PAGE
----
Opportunities for cross promotion and developing deeper ties with your constituents are missed. Even worse, your own staff don’t help one another do their jobs. They become competitive and territorial. “Don’t touch my subscribers,” “don’t touch my donors,” “don’t touch my clients,” and even “don’t touch my volunteers” become common refrains. No one thinks in terms of our constituents. No one thinks in terms of how you, as a whole, might best serve them.
Donors may be segmented inappropriately, such as seeing them as online vs. offline. Again, this is an organization-centered, not a donor-centered communications, perspective. Donors don’t think of themselves as one type of donor or another. In fact, they probably give both ways depending on what seems most convenient at any point in time. When you think in terms of channels you miss the opportunity to segment donors according to things they share in common (e.g., recency/frequency of gift; size of gift; gift designation; affiliation with your organization; demonstrated areas of interest; expressed areas of advocacy).
ACTION TIPS: Anything you can do as a leader to eliminate departmental silos, is something you should do:
- Commit to a plan to develop an organization-wide culture of philanthropy where everyone is invested in donor service.
- Commit to a plan that incorporates the philosophy a rising tide raises all boats, and helping someone in another department or ‘school’ bring in the gift means the organization as a whole succeeds.
- Occasionally hold joint meetings with other administrative departments such as finance, information technology or volunteer services. Explain what you do, ask them what they do and see what ways you can help each other.
- Create cross-departmental task forces or work teams focused on specific objectives. When you bring together folks with different skills and perspectives you (a) create a holistic approach that avoids duplication (i.e., different teams working on the same problem, thereby wasting precious limited resources) and (b) foster greater awareness of the depth and breadth of what your organization is doing.
- Integrate development and marketing if they’re not already joined at the hip. This is a primary area where if the right and left hand don’t work in sync you can seriously undermine your overall branding and messaging.
- Align online and offline strategies under a single strategic umbrella. Similar to the ‘rising tide raises all boats’ philosophy, multichannel and channel agnostic acquisition, engagement, and retention is critical. Each channel supports the other. No channel where your donor wants to hear from you should be left out. And it should be understood donors will not always give and/or otherwise engage the same way. They may give online in response to an offline appeal, and vice-versa.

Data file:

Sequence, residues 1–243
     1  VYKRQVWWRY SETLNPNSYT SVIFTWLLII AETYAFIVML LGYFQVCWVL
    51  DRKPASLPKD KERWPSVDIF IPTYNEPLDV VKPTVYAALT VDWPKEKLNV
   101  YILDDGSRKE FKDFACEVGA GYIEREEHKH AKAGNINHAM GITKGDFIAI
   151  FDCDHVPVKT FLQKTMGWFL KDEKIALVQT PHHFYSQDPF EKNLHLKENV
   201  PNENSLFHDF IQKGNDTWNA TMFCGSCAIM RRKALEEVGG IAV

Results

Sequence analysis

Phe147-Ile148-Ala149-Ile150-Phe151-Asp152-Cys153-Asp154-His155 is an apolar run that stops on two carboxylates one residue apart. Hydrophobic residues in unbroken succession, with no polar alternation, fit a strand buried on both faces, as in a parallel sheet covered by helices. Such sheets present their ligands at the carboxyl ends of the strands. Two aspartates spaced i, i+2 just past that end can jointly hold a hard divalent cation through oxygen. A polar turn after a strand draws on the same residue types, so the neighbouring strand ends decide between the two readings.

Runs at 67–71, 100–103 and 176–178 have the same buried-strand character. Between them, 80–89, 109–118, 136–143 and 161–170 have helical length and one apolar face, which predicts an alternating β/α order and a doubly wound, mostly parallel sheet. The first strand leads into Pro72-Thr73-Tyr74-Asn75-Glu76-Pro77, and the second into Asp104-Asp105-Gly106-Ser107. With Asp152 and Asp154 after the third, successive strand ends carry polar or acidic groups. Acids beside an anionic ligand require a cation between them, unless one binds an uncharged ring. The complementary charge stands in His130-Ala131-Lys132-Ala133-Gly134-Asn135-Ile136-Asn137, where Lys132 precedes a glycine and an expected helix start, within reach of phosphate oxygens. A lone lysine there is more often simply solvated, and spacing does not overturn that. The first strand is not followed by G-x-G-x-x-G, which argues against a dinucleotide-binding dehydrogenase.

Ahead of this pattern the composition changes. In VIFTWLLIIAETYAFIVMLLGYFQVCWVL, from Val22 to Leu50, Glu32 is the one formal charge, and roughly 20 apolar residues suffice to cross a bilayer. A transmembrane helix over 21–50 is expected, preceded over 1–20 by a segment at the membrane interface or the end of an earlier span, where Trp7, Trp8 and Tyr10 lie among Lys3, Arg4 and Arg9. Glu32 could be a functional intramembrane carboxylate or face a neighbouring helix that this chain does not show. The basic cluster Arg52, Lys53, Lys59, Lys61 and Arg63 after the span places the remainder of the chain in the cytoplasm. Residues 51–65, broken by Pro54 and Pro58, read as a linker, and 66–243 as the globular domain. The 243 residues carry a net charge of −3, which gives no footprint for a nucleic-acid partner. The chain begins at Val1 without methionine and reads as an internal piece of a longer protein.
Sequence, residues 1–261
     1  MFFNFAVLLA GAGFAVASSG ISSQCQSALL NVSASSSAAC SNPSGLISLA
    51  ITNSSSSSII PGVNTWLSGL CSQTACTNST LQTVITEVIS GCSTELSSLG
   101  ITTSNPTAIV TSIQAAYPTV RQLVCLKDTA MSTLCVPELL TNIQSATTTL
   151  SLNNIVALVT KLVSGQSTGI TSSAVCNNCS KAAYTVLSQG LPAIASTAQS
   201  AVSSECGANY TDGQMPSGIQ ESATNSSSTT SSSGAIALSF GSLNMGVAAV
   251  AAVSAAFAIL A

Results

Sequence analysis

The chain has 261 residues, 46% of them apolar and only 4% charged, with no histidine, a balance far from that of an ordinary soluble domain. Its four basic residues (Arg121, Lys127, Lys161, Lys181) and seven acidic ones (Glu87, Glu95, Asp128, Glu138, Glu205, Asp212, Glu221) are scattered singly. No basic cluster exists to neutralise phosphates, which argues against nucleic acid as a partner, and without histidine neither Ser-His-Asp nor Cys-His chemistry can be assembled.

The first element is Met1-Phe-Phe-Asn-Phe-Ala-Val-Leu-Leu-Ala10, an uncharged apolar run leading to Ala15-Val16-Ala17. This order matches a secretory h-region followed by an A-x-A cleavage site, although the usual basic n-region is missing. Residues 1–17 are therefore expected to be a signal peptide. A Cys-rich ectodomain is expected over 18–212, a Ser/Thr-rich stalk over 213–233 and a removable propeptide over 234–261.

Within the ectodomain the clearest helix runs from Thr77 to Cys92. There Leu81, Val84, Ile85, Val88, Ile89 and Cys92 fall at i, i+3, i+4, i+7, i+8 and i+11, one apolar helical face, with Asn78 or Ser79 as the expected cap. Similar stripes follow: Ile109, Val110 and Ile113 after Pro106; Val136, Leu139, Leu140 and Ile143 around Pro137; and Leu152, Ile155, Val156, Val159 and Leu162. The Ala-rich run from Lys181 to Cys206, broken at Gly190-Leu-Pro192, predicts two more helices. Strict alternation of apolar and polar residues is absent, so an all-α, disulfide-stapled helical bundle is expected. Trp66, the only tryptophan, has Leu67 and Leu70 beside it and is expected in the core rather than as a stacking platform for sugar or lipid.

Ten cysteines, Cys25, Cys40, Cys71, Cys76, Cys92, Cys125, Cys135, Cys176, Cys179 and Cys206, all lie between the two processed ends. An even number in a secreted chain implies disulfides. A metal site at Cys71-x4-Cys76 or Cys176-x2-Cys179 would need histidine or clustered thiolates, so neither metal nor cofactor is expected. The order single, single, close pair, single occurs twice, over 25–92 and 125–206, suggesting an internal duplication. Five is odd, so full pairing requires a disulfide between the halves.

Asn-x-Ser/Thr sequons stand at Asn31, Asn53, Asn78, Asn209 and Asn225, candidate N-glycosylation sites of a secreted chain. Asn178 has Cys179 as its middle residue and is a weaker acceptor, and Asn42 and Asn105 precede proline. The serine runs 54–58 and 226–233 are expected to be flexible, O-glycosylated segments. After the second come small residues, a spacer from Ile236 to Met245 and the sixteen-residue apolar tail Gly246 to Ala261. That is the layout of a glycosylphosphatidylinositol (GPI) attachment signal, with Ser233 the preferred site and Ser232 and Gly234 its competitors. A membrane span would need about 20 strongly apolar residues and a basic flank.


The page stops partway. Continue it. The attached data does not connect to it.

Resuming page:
BOTTOM LINE: Invite donors to give on their terms — wherever they are and whenever they hear from you
Bias #3: Mission Work is Pure; Fundraising is Dirty
Do your leaders and program staff see their work as mission-centric and view development staff work as ancillary? Chances are you do if folks where you work see fundraising as an administrative function and a big suck of resources, rather than as a profit center that helps them fulfill the mission.
This happens when fundraising is transactional rather than transformational. When leadership doesn’t take the time to ensure every staff member is oriented about the important role development plays in furthering the mission. When employees – all of them – are not fully engaged in your mission, leading them inevitably to bungle openings to turn inquiries into interest, interest into involvement and involvement into investment. When workers just do their job, not understanding their real job to be part of your greater vision-focused undertaking.
ACTION TIPS: Anything you can do to bring fundraising and program staff together, is something you should do:
- Hold organization-wide staff meetings where heads of all departments talk about their missions and give updates on their progress towards accomplishing their goals.
- Invite program staff to development staff meetings to talk about their programs. This shows you care about what they do, and also helps eliminate the mystery about what you do.
- Ask to be invited to sit in on program department meetings from time to time. For the same reasons stated above.
- Occasionally hold social get-togethers where staff from any department come together to talk about that week’s or month’s highs and lows. Tell stories of successes and failures. Celebrate and commiserate together.
BOTTOM LINE: Invite staff to collaborate in fundraising together to facilitate your donors’ journeys. It’s the best way to grow your nonprofit’s reputation as a force of goodness in the world.
Be sure to download our free “Donor-Centered Content Marketing Worksheet and Checklist” to help you tailor the donor experience and take folks on a meaningful journey!